Not There Yet


koshka_icon.gif sable_icon.gif

Scene Title Not There Yet
Synopsis Sable and Koshka share thoughts, tales, a hug and a plan.
Date December 29, 2010

The Garden

Situated in a copse several miles away from the nearest stretch of asphalt, the Garden is accessible via an old dirt road that winds snakelike through the woods and dead-ends at the property's perimeter, which is surrounded by stone wall plastered with wicked coils of rusty barbed wire to keep would-be intruders from attempting to scale it. Those with a key can gain entry via the front gate.

The safehouse itself is a three-story brickwork cottage over a century old and covered in moss and ivy. It slants to one side, suggesting that the foundation has been steadily sinking into the wet earth; incidentally, this may be one of the reasons why its prior occupants never returned to the island to reclaim their property when government officials lifted evacuation orders and re-opened the Verrazano-Narrows shortly before its eventual destruction.

Inside, the cottage is decorated in mismatched antique furniture including a couch in the living room and an armchair nestled in the corner closest to the fireplace that go well with the safehouse's hardwood floors and the wood-burning stoves in some of the spare bedrooms. A heavy wooden table designed to seat eight separates the dining area from the rest of the kitchen, which is defined by its aged oak cabinetry and the dried wildflowers hanging above them.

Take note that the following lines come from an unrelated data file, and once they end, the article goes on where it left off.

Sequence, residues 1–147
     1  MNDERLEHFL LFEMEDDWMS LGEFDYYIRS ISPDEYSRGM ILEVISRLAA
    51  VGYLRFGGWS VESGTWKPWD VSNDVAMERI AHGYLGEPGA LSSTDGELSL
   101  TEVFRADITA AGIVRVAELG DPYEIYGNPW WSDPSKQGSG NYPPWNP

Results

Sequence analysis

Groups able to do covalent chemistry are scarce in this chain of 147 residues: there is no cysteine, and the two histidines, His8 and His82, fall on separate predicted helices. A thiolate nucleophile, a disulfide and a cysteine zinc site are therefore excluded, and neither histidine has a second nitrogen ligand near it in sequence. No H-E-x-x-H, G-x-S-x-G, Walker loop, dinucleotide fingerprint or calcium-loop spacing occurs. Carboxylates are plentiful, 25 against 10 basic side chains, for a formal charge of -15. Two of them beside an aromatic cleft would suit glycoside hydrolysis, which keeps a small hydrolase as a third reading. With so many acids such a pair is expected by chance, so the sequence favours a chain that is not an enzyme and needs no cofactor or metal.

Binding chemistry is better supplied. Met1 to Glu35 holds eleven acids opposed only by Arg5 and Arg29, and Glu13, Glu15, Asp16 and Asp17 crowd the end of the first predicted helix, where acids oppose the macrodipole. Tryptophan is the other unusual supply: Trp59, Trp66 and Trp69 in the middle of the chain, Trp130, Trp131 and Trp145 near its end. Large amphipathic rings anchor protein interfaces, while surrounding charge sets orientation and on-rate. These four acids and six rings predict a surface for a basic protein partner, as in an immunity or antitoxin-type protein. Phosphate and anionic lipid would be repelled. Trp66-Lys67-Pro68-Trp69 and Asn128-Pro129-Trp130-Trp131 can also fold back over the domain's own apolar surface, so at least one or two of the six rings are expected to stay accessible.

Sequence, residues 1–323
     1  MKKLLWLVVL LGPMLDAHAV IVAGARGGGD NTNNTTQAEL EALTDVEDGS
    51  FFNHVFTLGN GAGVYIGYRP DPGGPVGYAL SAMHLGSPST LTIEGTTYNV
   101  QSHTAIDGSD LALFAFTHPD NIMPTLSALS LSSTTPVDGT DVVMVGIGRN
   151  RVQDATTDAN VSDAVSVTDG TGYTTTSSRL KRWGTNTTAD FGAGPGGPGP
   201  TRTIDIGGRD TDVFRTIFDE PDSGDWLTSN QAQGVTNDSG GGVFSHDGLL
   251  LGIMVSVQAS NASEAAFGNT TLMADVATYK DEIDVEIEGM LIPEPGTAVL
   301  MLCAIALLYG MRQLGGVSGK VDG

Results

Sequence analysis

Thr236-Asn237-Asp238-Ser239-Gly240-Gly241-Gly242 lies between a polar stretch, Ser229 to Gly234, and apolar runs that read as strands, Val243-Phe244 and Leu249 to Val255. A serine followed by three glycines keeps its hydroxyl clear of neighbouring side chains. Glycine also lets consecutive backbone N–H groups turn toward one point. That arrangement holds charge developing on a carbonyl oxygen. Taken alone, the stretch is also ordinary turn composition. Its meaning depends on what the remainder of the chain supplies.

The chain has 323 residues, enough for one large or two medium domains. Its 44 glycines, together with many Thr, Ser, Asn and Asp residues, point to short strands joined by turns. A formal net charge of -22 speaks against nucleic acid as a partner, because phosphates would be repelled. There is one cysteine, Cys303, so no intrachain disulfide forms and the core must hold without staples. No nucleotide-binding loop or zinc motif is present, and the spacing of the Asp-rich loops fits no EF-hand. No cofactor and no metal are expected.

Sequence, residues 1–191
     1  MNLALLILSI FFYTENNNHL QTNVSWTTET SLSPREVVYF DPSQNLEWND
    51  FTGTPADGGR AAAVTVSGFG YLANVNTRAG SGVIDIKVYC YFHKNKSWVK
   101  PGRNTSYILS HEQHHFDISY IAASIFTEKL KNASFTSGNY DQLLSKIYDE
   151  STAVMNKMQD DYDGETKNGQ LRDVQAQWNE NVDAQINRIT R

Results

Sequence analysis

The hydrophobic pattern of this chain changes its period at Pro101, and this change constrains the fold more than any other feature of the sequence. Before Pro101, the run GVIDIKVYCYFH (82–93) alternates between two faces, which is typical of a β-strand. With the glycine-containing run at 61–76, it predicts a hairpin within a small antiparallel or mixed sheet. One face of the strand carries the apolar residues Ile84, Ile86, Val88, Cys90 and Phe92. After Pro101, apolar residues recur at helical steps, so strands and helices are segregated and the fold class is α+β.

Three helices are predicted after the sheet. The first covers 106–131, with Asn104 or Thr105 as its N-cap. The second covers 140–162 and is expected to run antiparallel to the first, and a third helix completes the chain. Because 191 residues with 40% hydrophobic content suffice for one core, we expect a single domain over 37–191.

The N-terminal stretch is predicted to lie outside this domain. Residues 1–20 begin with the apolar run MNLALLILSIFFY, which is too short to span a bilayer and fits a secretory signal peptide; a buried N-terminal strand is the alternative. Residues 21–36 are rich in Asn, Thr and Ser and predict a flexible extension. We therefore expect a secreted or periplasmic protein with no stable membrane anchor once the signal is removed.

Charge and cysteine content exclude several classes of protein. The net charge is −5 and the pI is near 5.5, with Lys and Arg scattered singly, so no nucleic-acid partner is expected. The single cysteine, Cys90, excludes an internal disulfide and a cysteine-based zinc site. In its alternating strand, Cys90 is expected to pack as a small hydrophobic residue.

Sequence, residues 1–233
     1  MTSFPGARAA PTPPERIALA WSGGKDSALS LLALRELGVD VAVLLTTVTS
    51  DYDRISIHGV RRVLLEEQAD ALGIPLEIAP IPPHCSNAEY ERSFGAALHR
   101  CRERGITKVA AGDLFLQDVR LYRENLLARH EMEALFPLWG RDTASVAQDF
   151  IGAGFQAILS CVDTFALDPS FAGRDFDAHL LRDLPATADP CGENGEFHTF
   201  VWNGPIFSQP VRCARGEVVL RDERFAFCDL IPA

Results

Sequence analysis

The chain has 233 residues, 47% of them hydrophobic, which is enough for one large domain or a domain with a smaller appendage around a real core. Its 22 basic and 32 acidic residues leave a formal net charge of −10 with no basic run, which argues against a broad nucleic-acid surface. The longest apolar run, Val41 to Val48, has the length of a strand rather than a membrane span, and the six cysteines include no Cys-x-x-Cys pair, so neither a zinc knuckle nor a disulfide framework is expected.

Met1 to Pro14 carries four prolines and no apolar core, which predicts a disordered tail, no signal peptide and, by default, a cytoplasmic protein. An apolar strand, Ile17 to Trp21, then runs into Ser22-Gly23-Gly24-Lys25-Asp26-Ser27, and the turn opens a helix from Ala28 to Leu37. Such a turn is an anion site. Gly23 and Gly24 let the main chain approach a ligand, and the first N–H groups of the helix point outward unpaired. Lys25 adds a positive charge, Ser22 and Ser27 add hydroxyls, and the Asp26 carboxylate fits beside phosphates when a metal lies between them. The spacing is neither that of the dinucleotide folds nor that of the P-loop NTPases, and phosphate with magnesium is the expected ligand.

It's a wintery wonderland outside, but inside it's snug and comfortable. The fire is well banked in the hearth, lending an orange glow and keeping the interior well braced against the draft that comes in through the opened front door.

The air exiting the structure holds a shimmering quality, a wavering of cold mixing with hot and giving the illusion of looking through water. Daylight also streams in through that opened door. Unbroken and bright as it's reflected off the snow and into the only slightly darker depths of the cottage. The light coming in is broken suddenly, by the silouhette of one of the Garden's inhabitants.

Koshka, arms loaded with several split logs stands in the doorway. She's clad as usual in a hoodie and jeans, shoes caked with snow from the short walk. She pauses only long enough to stamp her feet clean, infuriatingly dutiful as ever, before she steps inside and kicks the door closed behind her.